Why Body Grief Is the New Body NeutralityPour one out for those societal expectations we’ll never meet.
At this point, most of us are probably familiar with the body positivity movement and the call to feel good about our physical forms and all they can do, regardless of what they look like—or even because of it. You might also be well-versed in that movement’s more realistic sequels: body neutrality and body acceptance. And while all of these mindsets can improve your relationship with food, exercise, clothes, and doctor’s appointments, getting there can feel impossible.
That’s partially because we live in a world where bodies, particularly feminine-presenting bodies, are heavily scrutinized. And since it’s so easy to fall into the trap of scrolling through content promoting society’s fat-phobic, ableist standard of what a body should look like, no one would blame you for feeling sad, shameful, frustrated, or angry about not meeting that criterion.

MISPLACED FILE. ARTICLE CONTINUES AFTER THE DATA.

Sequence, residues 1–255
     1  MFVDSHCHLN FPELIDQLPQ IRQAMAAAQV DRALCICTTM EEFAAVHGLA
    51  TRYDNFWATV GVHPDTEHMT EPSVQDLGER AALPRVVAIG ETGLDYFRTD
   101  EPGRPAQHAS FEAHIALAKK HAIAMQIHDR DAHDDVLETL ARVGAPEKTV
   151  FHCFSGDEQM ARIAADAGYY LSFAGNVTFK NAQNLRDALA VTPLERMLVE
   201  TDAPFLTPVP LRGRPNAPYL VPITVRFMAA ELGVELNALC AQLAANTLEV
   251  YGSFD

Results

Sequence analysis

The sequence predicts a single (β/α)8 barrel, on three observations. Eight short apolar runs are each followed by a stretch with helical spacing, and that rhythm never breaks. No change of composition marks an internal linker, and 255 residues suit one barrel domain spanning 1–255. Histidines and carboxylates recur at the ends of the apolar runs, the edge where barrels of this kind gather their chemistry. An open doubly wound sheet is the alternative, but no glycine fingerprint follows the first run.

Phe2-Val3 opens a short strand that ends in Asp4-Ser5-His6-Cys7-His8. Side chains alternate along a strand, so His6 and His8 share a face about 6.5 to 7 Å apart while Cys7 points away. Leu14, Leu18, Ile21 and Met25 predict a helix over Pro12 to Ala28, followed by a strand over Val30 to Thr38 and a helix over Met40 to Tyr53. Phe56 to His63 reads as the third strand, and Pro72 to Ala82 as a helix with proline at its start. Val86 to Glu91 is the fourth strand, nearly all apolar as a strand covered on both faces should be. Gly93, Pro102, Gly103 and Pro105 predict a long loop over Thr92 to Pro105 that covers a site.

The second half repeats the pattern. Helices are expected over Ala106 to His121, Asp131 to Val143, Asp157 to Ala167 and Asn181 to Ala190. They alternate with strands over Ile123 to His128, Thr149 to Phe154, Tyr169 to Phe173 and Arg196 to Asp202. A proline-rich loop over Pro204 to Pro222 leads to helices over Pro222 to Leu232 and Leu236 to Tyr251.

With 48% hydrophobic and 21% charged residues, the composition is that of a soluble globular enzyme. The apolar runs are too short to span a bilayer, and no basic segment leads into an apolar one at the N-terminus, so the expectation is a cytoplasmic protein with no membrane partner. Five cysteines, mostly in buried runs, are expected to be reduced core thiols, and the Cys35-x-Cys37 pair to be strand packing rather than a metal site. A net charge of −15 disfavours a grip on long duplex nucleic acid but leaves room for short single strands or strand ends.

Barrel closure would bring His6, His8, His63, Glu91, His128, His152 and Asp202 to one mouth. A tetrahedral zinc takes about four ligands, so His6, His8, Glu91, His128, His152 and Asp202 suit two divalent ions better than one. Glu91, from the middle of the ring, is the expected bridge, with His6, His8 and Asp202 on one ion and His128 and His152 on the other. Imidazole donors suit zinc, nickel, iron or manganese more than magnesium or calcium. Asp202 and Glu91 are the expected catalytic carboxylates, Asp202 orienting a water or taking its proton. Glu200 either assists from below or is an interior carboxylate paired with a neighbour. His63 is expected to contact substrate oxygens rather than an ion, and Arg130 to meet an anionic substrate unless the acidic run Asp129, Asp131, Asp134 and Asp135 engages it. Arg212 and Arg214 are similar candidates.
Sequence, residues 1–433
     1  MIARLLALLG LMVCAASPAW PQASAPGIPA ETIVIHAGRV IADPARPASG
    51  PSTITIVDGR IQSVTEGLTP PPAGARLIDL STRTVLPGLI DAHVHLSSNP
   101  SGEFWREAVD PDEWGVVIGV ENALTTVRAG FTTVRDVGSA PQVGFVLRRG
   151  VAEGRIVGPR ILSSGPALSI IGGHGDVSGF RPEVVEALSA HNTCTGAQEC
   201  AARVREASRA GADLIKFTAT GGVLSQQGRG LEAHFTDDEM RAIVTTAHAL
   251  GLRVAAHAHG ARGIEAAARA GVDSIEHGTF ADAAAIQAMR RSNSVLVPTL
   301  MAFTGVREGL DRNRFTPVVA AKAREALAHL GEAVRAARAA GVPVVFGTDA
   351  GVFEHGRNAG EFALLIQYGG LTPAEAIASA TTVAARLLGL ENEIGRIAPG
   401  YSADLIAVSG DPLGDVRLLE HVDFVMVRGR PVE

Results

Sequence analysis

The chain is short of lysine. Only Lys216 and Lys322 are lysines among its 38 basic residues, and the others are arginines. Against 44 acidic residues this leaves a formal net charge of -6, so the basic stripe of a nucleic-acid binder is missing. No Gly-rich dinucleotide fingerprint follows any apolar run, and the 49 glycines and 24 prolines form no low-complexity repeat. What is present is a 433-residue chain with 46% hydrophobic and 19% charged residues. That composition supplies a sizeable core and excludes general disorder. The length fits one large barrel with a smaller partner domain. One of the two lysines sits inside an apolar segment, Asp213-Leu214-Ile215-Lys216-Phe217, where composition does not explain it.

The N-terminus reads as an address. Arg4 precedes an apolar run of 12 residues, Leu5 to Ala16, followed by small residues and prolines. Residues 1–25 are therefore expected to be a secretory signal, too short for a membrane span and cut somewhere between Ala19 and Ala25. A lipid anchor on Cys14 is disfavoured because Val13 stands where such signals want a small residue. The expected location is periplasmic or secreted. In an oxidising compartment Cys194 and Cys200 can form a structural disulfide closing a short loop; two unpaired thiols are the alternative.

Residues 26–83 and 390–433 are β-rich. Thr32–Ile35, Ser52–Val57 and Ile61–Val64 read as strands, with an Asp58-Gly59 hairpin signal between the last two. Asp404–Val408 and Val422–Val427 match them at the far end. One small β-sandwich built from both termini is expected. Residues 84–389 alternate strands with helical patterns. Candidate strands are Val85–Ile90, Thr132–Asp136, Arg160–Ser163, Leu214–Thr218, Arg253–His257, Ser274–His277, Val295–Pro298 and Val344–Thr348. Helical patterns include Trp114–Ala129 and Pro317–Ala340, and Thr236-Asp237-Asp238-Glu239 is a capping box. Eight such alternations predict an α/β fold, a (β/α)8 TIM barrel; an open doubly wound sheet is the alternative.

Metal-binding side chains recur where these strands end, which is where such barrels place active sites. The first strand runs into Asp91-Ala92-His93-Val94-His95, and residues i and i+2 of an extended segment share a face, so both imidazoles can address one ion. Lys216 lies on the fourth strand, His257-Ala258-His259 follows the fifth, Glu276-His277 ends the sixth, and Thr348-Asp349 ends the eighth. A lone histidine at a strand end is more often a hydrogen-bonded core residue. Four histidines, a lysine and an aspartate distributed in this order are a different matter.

But if you’re forcing yourself to just love your body already, you’re basically trying to bypass those very real, very intense emotions that need to be investigated and processed before you can move past them. It’s kind of like shouting, “My body is amazing!” into a void in hopes that one day you’ll start to believe it.
The thing is, emotions don’t go away because you want them to. In order to heal your body image wounds, you have to feel them. That’s why the grieving process, which enables you to really sit with and think about the origin of those intense feelings, is an important part of coming to terms with the body you have.